24 August 2015
By Steven –
I was the last to get out of bed this morning. By the time I was downstairs, the day was well under way. I was delighted to be offered a home cooked breakfast of porridge and fresh fruit. A great way to start the day. Over breakfast we discussed the strategy for the day. Kevin and I wanted to hit at least one or two sights this morning. In the afternoon, Kevin has a talk to give at Open University on the north side of town. The day will be capped with a special dinner, our last of our trip.
Buck House (aka Buckingham Palace) was out – simply too complicated with the rains and not much in the way of shelter until you got in. It’s agreed that we’ll hit the Victoria and Albert Museum and, if there’s time, the Science Museum or Natural History Museum. All of these are right next to each other so should be quite do-able. Darren and Ian helped us map out our journey then dropped us off at Clampham Junction Station. We were on our way.
With an unexpected train change enroute, we made it to the V&A just fine. It hadn’t really started raining full-force yet, but it wouldn’t have mattered any way. The Tube stop is right at the museum with no need to go above ground to get from the train to the lower entrance. This will come in quite handy later. Entrance to the museum is free, with the exception of some special exhibits. Other than a quick bag check, there was no line to get in.
We made our way through a few sections before deciding it was feeding time again. So we headed for the lunch room that Darren had recommended toward the back of the complex. We weren’t sure what we were looking for. We had the impression that there would be a quiet sit-down lunch room which we couldn’t find. After a quick call to Darren, we found that we were exactly where we should be. This was an area that has several cafeteria-style sections: hot foods, sandwiches and salads, cakes and desserts, and, of course, tea. We each went our separate ways on finding food and managed to converge at the same time to try finding a table. It was high on lunch time so finding a place to sit took some doing. We managed to snag a table in one of the very ornate rooms off to the side. The setting was lovely, just a bit crowded and noisy for our liking. The food was good and hit the spot as we marveled at the wood and plaster work high on the walls and ceiling.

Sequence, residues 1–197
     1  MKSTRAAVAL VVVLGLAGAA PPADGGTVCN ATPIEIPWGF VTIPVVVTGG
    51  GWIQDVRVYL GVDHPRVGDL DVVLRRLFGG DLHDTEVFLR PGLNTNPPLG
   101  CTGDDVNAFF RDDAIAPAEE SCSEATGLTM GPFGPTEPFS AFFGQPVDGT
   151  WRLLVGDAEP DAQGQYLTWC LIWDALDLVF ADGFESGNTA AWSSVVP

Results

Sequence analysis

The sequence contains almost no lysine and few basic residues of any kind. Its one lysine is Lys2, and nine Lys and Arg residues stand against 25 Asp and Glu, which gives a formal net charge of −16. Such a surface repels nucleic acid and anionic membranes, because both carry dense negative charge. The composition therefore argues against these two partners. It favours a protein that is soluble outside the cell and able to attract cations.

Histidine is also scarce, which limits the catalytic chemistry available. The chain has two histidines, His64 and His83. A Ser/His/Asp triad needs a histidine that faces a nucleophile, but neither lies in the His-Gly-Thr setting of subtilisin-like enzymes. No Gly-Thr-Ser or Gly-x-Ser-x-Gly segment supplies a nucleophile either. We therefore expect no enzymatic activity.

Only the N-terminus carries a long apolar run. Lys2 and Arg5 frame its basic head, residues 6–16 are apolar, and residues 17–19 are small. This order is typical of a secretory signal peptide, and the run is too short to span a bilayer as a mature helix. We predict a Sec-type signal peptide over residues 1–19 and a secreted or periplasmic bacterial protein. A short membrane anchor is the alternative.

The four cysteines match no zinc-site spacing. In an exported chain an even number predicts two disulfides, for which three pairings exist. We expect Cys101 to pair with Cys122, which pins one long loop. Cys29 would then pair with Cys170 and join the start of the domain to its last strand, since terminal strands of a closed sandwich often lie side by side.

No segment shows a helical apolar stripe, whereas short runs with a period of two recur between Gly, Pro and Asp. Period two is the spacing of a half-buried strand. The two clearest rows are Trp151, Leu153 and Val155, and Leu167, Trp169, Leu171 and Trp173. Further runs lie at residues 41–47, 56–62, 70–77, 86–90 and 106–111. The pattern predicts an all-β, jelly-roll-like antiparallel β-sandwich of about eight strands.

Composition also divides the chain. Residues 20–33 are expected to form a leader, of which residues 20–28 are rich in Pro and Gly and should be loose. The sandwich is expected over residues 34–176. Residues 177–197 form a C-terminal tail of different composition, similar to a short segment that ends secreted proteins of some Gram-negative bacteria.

After lunch, we hit most of the rest of the museum. My back was tired, it had become stiflingly hot (I was trying to find any pocket of air conditioning breeze I could) and Kevin’s hip began to hurt. I know that all sounds awful, and we’re not as old as all that but it is a big museum – and we’ve been at this touristy stuff for several weeks now, so give us a break. While Kevin settled back in to the cafeteria for a tea, seated next to a group of nuns for safekeeping, I headed off across the courtyard, now that it wasn’t pouring rain, to get a gelato.
After a bit of a rest we tried to head for the Natural History Museum just further up the Tube tunnel from the V&A. As we walked along we saw more and more people flooding into the tunnel. Flooding being the operative word here. They were drenched! To get to the Natural History Museum, we'd eventually have to go outside which would have made Kevin look like a drowned rat headed to his talk later. So back to the V&A, surely there's something we haven't seen yet. After a spin through the gift shop and poking our heads back into some adjacent rooms we’d already been through, we came across some remains of the family treasure. My mother is from the Woolsey family making us cousins to the famous Cardinal Wolsey, you know, the one that wasn’t able to obtain a divorce for Henry VIII causing the England’s break from the Catholic Church, that one. A couple sculptures that he had commissioned were recently rediscovered and now on display here at the V&A as the Wolsey Angels. That was fun to see.